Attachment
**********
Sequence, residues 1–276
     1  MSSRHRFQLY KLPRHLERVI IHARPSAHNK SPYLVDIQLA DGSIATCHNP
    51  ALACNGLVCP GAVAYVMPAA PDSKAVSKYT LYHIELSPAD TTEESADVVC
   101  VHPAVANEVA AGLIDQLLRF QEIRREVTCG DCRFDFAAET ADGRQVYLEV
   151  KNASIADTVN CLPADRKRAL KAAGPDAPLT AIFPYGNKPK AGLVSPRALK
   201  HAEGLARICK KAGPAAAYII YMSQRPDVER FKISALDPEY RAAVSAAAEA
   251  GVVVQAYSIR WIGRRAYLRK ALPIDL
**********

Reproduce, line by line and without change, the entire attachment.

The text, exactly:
Sequence, residues 1–276
     1  MSSRHRFQLY KLPRHLERVI IHARPSAHNK SPYLVDIQLA DGSIATCHNP
    51  ALACNGLVCP GAVAYVMPAA PDSKAVSKYT LYHIELSPAD TTEESADVVC
   101  VHPAVANEVA AGLIDQLLRF QEIRREVTCG DCRFDFAAET ADGRQVYLEV
   151  KNASIADTVN CLPADRKRAL KAAGPDAPLT AIFPYGNKPK AGLVSPRALK
   201  HAEGLARICK KAGPAAAYII YMSQRPDVER FKISALDPEY RAAVSAAAEA
   251  GVVVQAYSIR WIGRRAYLRK ALPIDL